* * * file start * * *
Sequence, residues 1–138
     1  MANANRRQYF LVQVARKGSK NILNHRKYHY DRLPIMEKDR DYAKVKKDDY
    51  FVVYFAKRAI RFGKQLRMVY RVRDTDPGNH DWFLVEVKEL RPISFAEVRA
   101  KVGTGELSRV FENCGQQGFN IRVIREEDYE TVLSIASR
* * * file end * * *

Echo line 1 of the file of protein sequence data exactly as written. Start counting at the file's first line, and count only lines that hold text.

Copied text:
Sequence, residues 1–138